Evolution of symbiosis with Lingula (brachiopoda) in the bivalve superfamily Galeommatoidea (Heterodonta), with description of a new species of Koreamya

Ryutaro Goto, Hiroshi Ishikawa, Yoichi Hamamura, Shin'ichi Sato, Makoto Kato

Research output: Contribution to journalArticlepeer-review

11 Citations (Scopus)

Abstract

Many members of the bivalve superfamily Galeommatoidea have symbiotic associations with other marine benthic invertebrates. Among them, Koreamya arcuata (A. Adams, 1856) is distinctive because it is the only known bivalve symbiotic with brachiopods. Here we describe Koreamya setouchiensis n. sp. as the second example in this genus, based on specimens collected in and around the Seto Inland Sea, Japan. Similar to K. arcuata, this bivalve species attaches to the anterior end of the shell valve of living Lingula anatina Lamarck, 1801 by means of byssal threads. However, shell morphologies of the two bivalve species are clearly different; K. setouchiensis has an ovate shell, while K. arcuata has an elongated-triangular shell. These morphological differences are probably due to the difference in posture on the hosts. To understand how symbiotic association with Lingula evolved in Galeommatoidea, we performed molecular phylogenetic analyses using three nuclear (18S, 28S and H3) and one mitochondrial (COI) genes. The two Koreamya species with remarkably differently shaped shells were monophyletic, suggesting that their symbiotic associations with Lingula have the same evolutionary origin. Furthermore, the Koreamya clade formed a monophyletic group with anemone-associated galeommatoideans (Nipponomontacuta actinariophila and Montacutona sp.). This result and their morphological similarities suggest the possibility of host switching between sea anemones and Lingula.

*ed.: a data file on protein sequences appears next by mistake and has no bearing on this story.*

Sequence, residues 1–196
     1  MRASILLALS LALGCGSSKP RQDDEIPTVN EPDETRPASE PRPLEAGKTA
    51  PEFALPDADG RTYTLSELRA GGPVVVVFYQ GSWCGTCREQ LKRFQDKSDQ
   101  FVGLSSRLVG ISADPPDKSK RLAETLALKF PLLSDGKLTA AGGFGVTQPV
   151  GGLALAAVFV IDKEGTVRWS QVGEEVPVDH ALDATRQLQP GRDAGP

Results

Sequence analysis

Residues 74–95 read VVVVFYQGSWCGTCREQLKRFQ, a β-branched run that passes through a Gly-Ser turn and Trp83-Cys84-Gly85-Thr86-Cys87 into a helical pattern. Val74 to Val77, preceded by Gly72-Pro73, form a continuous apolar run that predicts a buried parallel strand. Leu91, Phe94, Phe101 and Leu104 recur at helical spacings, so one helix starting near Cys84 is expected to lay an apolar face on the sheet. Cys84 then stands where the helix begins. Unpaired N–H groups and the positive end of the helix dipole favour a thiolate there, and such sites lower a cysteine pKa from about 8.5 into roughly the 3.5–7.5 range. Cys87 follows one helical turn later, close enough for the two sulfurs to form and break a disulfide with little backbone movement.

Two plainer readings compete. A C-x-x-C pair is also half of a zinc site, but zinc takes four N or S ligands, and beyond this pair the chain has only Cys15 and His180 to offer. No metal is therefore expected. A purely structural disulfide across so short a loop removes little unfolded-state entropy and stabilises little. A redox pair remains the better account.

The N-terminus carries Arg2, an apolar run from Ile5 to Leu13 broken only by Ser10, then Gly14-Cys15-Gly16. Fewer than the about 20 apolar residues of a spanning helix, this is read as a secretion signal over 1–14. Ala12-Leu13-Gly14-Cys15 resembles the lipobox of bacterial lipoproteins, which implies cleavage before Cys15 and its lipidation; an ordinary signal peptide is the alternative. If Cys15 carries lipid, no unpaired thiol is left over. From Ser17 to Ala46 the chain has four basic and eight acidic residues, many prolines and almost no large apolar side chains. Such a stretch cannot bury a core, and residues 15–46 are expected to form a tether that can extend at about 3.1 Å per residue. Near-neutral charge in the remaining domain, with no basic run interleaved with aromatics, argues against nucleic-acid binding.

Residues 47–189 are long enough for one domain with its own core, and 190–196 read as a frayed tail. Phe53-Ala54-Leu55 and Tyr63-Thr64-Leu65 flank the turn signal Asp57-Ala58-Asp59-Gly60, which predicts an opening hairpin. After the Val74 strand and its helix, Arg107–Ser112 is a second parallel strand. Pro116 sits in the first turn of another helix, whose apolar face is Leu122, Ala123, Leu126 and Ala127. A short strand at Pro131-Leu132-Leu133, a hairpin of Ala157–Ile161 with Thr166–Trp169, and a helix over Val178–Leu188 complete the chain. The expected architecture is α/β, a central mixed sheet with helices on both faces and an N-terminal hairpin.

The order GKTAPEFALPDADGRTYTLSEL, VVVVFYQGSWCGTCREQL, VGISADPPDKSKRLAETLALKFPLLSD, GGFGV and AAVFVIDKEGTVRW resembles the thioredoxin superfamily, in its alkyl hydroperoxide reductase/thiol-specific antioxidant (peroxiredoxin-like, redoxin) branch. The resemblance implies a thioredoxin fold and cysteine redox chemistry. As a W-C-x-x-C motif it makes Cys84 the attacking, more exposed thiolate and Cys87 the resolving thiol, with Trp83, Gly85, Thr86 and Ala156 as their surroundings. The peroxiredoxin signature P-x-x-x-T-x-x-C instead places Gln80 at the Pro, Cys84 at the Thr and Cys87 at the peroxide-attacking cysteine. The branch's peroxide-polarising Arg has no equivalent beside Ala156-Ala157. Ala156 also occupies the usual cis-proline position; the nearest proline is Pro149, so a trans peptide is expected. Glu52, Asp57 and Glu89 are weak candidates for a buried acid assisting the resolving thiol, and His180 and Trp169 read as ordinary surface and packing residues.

Original languageEnglish
Pages (from-to)148-160
Number of pages13
JournalJournal of Molluscan Studies
Volume80
Issue number2
DOIs
Publication statusPublished - 2014 May

ASJC Scopus subject areas

  • Aquatic Science
  • Animal Science and Zoology

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